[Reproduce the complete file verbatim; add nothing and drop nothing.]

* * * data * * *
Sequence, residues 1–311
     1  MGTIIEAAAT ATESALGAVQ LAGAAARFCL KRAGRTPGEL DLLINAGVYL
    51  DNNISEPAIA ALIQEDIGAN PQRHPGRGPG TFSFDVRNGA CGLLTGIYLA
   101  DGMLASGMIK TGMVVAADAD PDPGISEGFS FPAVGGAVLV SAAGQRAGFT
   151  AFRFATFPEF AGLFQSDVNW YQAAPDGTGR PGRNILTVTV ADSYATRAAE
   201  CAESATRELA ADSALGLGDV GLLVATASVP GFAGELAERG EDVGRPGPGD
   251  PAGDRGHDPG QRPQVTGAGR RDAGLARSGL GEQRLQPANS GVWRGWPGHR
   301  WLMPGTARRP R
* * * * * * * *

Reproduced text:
Sequence, residues 1–311
     1  MGTIIEAAAT ATESALGAVQ LAGAAARFCL KRAGRTPGEL DLLINAGVYL
    51  DNNISEPAIA ALIQEDIGAN PQRHPGRGPG TFSFDVRNGA CGLLTGIYLA
   101  DGMLASGMIK TGMVVAADAD PDPGISEGFS FPAVGGAVLV SAAGQRAGFT
   151  AFRFATFPEF AGLFQSDVNW YQAAPDGTGR PGRNILTVTV ADSYATRAAE
   201  CAESATRELA ADSALGLGDV GLLVATASVP GFAGELAERG EDVGRPGPGD
   251  PAGDRGHDPG QRPQVTGAGR RDAGLARSGL GEQRLQPANS GVWRGWPGHR
   301  WLMPGTARRP R